- The Washington Times - Tuesday, July 8, 2008

BALTIMORE | School systems across Maryland are considering performance pay for teachers and principals.

Maryland’s teachers union, like others across the country, has been skeptical about the prospect of bonuses and has voiced concern that rewards could be made unfairly.

“We have not seen any hard evidence yet that it improves achievement,” said Daniel Kaufman, a spokesman for the Maryland State Teachers Association.

A good teacher-evaluation system is more important to school systems than increasing pay for some teachers, said state Sen. Paul G. Pinsky, Prince George’s Democrat, who is a former teacher and a field representative for the teachers union.

Pressure to improve student achievement and a teacher shortage have driven some officials to offer teachers and principals extra pay or bonuses when they take on challenging assignments or raise test scores.



Denver, Houston and New York have offered additional compensation, but the practice is not widespread.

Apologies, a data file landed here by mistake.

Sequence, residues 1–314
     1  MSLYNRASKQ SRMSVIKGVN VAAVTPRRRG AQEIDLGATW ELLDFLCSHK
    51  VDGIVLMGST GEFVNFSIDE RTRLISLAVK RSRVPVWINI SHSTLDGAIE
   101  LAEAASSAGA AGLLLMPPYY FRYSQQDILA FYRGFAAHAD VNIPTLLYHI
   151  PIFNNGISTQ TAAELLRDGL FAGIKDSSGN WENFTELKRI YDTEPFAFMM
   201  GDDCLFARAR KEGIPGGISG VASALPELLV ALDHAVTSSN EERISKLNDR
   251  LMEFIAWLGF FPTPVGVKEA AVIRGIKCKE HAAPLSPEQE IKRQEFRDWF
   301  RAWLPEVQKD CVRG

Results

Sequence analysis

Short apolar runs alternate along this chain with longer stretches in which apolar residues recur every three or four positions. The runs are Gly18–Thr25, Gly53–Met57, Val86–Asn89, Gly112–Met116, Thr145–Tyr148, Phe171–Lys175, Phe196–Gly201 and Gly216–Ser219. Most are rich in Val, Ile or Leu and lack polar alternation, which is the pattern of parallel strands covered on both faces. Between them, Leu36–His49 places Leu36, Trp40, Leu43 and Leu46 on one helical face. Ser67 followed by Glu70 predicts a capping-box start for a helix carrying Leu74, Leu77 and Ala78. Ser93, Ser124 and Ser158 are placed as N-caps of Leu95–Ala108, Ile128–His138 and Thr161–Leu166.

Anne Arundel and Harford counties have taken small steps by offering merit pay to principals and assistant principals. In Harford County, for example, principals are reviewed every two years to see whether they will receive an additional 3 percent in pay.

Historically, only 12 percent to 20 percent of principals have received the merit increases, said Jonathan D. O’Neal, Harford County assistant superintendent of human resources.

After negotiating with the principals and administrators bargaining unit, Baltimore is expected to begin an ambitious plan to pay principals up to 10 percent of their salary in an annual bonus.

Prince George’s County will be the first district to institute pay for performance for teachers, using a $17 million federal grant spread over five years to begin offering bonuses. The voluntary pay-for-performance plan will begin in only 12 low-performing schools.

The system tries to overcome concerns about fairness by giving teachers extra pay for a variety of categories. For example, teachers could receive $1,500 for teaching in a subject that is hard to staff or get a bonus for taking on extra duties, such as writing a grant or mentoring a new teacher.

The biggest bonus for a teacher, up to $5,000, would come for raising test scores.

Teachers are judged not only on whether their students pass tests, but also on how much progress their students have made, said John E. Deasy, Prince George’s school superintendent.

“If they learn more, then you get rewarded” he said. “Think about the technical expertise that goes into that teaching.”

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